YOUR concerns over the delegation of funds to schools are misplaced (TES, November 24). Heads have welcomed the passing of an extra pound;1 billion direct to schools as well as the introduction of direct grants for revenue and capital. The Audit Commission accepts that the vast majority of schools are using their increased autonomy wisely.
Of course, there are limits to how much should be delegated from local education authorities to schools. There are key functions like school transport which authorities are best placed to deliver and we accept the view of heads that this is best co-ordinated at authority level.
But levels of delegation differ widely between authorities, from 80 per cent to nearly 90 per cent. We want to bring all authorities up to the standards of the best.
Schools have welcomed the increased responsibilities - very few would want to turn the clock back.
We have always recognised that secondary schools are often better placed than primaries to take on extra responsibilities. Thats why primaries can choose whether to have delegation of certain items like school meals.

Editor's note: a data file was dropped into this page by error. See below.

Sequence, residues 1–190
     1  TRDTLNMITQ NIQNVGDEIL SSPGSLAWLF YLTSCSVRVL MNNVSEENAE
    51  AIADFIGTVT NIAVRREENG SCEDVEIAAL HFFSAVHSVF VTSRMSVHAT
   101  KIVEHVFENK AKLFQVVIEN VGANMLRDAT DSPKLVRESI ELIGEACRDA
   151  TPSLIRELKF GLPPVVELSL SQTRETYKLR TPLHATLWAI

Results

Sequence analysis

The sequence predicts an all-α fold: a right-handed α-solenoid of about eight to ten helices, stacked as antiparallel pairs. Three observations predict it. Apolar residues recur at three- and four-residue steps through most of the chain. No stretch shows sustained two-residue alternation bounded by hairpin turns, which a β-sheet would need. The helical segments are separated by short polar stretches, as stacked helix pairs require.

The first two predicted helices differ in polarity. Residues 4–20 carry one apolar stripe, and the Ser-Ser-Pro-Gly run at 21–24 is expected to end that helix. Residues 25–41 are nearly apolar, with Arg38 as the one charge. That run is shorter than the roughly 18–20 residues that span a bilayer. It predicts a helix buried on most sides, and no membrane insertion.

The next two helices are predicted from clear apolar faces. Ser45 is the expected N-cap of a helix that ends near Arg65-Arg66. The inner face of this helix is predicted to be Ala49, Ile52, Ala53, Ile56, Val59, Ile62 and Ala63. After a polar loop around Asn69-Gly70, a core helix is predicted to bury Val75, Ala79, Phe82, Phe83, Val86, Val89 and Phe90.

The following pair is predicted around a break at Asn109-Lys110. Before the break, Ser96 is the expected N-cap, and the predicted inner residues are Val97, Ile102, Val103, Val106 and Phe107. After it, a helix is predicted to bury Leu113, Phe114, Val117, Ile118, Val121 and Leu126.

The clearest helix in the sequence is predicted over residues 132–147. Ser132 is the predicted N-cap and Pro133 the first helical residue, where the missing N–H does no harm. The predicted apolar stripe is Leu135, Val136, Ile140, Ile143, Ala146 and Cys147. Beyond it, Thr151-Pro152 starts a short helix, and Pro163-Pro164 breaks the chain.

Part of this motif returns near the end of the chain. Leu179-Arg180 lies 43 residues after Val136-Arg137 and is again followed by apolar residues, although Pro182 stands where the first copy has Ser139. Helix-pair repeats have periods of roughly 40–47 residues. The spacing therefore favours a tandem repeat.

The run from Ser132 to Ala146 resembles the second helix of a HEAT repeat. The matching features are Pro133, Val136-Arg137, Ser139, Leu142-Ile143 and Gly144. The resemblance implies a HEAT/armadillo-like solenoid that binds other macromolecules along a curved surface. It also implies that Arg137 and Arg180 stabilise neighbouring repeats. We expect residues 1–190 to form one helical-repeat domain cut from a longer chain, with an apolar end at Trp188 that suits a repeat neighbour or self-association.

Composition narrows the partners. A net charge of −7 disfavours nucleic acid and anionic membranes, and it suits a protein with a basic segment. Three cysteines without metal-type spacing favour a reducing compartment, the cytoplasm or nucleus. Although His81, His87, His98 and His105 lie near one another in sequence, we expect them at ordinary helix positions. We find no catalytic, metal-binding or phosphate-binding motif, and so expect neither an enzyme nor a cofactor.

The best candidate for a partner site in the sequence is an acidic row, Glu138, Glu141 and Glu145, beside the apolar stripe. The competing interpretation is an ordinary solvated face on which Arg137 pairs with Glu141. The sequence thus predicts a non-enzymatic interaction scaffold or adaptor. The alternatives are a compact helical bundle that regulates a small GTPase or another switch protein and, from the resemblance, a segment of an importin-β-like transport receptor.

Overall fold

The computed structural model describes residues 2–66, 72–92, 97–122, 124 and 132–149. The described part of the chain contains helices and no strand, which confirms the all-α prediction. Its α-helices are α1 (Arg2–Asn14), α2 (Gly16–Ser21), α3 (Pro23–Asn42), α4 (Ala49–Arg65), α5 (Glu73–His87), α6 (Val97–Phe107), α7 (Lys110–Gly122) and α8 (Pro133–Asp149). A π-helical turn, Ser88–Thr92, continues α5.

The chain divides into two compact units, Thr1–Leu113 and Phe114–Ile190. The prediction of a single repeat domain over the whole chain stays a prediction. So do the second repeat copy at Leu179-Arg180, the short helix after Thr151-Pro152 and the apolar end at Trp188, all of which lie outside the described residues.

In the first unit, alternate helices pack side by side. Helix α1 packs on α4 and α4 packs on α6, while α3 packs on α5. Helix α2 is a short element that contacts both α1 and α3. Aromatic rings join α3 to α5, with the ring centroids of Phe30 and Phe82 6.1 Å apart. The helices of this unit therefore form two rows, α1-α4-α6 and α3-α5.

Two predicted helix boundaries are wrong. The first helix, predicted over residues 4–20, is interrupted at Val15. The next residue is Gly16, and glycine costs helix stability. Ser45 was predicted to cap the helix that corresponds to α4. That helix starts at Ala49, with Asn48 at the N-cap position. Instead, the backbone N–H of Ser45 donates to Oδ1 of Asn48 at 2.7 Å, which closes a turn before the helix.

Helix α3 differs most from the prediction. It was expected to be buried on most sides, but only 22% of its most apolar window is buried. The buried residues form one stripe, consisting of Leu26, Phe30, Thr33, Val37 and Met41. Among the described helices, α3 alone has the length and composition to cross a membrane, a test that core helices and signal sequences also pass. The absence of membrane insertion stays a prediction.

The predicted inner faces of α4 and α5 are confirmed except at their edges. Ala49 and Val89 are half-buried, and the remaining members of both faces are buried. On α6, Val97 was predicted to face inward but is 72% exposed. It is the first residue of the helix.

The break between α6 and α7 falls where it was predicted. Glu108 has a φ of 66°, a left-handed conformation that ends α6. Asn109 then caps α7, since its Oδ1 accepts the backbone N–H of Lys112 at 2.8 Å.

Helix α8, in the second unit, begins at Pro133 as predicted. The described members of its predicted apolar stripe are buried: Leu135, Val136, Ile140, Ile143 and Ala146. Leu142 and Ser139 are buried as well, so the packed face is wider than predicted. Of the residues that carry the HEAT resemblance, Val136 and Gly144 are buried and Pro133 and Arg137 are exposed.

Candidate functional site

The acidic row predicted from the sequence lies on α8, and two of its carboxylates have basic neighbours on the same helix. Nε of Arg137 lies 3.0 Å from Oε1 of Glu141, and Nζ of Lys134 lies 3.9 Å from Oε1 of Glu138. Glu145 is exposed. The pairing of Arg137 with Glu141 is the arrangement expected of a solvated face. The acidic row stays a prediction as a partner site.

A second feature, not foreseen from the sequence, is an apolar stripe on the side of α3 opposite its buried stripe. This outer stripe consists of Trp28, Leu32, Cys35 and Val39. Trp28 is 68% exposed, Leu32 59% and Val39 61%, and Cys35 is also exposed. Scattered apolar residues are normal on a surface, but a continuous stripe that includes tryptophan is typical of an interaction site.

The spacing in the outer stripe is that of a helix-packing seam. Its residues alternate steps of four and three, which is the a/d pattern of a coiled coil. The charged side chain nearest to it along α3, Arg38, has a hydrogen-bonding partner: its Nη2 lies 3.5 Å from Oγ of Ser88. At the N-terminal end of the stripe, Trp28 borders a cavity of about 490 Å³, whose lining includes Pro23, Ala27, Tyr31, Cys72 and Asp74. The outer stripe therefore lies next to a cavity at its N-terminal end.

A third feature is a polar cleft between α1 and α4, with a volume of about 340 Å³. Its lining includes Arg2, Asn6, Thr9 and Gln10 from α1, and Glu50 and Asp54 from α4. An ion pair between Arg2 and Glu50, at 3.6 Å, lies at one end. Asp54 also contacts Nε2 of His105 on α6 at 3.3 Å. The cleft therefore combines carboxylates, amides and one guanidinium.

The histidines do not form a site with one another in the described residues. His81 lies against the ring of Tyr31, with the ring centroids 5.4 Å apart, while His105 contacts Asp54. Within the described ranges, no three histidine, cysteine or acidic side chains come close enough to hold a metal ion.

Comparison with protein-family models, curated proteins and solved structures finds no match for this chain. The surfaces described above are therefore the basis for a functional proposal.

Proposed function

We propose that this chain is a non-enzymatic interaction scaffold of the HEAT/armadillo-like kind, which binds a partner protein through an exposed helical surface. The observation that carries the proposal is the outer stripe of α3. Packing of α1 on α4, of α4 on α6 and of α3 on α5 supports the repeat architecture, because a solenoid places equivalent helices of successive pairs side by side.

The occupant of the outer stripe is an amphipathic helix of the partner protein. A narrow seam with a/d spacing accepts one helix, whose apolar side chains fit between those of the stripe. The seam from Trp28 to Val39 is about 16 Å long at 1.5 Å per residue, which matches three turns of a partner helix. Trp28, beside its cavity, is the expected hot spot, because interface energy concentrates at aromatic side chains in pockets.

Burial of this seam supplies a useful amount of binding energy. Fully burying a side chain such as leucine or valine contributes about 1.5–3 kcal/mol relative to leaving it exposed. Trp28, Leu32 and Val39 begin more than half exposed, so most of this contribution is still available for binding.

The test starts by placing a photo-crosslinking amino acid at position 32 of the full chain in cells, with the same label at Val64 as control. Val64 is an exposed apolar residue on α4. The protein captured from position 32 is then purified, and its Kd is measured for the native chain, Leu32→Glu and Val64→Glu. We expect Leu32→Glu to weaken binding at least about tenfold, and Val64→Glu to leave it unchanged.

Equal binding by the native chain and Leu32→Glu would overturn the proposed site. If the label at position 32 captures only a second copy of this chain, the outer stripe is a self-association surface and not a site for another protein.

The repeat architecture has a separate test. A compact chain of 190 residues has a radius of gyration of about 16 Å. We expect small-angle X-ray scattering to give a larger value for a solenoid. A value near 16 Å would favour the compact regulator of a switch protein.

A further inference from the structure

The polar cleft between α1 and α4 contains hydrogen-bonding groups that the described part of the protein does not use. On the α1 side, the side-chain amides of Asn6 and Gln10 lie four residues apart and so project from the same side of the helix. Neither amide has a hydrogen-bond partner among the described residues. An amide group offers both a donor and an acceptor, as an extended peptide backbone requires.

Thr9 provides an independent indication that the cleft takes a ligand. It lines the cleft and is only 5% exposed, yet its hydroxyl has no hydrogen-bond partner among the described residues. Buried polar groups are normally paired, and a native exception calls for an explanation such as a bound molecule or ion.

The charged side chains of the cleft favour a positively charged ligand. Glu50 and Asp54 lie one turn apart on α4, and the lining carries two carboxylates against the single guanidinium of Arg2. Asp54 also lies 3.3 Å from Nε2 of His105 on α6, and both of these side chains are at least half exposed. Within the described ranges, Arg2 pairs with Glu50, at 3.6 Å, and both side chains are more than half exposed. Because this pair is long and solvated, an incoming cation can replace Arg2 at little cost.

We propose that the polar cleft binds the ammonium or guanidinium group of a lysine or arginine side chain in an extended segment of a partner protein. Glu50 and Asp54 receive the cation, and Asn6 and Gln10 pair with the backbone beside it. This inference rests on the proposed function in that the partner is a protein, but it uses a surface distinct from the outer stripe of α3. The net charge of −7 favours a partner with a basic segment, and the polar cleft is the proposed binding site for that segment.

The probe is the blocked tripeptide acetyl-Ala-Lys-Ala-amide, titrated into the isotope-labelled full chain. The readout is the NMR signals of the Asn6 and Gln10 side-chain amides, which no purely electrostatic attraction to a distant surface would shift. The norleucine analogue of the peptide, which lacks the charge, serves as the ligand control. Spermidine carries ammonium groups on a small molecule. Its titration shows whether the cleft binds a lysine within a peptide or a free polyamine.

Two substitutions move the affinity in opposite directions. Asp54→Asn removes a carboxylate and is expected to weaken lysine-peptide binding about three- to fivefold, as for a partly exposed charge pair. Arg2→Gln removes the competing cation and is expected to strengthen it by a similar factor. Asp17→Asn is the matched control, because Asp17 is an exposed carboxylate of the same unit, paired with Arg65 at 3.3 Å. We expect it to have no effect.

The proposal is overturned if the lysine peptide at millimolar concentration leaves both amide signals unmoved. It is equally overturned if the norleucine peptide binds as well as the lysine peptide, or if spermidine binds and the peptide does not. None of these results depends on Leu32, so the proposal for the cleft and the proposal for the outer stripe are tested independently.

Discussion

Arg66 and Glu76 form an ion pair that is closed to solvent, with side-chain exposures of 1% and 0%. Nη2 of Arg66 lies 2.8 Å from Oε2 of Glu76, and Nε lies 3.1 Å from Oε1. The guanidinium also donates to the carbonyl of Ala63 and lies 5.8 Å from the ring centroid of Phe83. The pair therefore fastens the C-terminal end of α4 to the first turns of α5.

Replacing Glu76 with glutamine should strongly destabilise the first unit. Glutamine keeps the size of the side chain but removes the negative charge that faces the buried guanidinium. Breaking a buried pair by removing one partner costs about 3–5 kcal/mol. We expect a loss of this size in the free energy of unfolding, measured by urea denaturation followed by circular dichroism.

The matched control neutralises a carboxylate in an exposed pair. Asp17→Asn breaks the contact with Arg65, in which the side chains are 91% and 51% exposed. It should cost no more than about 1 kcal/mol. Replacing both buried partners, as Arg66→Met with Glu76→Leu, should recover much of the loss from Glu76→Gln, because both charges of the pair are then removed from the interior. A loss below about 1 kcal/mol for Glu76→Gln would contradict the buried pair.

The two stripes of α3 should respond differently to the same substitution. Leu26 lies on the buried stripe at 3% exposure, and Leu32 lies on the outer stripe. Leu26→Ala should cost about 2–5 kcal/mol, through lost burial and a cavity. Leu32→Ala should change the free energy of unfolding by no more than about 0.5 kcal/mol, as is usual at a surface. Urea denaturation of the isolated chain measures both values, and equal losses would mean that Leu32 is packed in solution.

We are providing smaller schools with extra administrative support through this year's pound;80 million Small Schools Fund which can, for example, enable them to employ a bursar jointly between schools.
We believe the Audit Commission has not given sufficient recognition to the essential role the Standards Fund plays in raising achievement in schools - without its ring-fenced support we could not have reduced infant class sizes or brought about the dramatic improvements in literacy and numeracy at key stage 2.
The Government has already recognised the need both for greater flexibility at school level and a dramatic reduction in the bidding and the paperwork associated with the fund. This is all happening with the 2001-2 Standards Fund.
Estelle Morris MP
Minister of State for Education
Department for Education and Employment
Great Smith Street